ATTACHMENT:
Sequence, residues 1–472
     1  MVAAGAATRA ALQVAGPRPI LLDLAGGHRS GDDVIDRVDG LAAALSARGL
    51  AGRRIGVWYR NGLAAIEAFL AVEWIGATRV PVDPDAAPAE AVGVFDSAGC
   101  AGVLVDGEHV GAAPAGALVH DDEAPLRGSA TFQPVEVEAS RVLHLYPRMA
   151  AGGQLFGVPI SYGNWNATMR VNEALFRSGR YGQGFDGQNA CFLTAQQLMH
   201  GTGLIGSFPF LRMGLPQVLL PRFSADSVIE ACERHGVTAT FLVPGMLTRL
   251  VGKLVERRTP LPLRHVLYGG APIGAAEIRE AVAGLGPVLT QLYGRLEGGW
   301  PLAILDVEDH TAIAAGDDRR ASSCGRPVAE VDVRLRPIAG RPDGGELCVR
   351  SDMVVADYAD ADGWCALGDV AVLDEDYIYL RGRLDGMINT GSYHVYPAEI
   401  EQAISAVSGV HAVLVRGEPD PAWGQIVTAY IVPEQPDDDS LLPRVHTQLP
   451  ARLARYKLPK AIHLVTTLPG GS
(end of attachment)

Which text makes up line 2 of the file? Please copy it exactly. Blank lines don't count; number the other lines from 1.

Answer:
     1  MVAAGAATRA ALQVAGPRPI LLDLAGGHRS GDDVIDRVDG LAAALSARGL